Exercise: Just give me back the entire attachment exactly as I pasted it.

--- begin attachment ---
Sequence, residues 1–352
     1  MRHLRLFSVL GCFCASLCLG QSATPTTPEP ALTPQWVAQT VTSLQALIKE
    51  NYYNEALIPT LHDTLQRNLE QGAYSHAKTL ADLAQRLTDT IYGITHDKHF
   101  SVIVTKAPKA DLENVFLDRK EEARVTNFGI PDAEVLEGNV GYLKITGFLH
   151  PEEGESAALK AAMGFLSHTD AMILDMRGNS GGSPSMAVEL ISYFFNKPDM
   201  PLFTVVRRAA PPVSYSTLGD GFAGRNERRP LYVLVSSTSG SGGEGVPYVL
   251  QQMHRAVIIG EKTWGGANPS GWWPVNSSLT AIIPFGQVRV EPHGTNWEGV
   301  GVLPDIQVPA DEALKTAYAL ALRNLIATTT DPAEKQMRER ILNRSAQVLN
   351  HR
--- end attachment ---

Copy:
Sequence, residues 1–352
     1  MRHLRLFSVL GCFCASLCLG QSATPTTPEP ALTPQWVAQT VTSLQALIKE
    51  NYYNEALIPT LHDTLQRNLE QGAYSHAKTL ADLAQRLTDT IYGITHDKHF
   101  SVIVTKAPKA DLENVFLDRK EEARVTNFGI PDAEVLEGNV GYLKITGFLH
   151  PEEGESAALK AAMGFLSHTD AMILDMRGNS GGSPSMAVEL ISYFFNKPDM
   201  PLFTVVRRAA PPVSYSTLGD GFAGRNERRP LYVLVSSTSG SGGEGVPYVL
   251  QQMHRAVIIG EKTWGGANPS GWWPVNSSLT AIIPFGQVRV EPHGTNWEGV
   301  GVLPDIQVPA DEALKTAYAL ALRNLIATTT DPAEKQMRER ILNRSAQVLN
   351  HR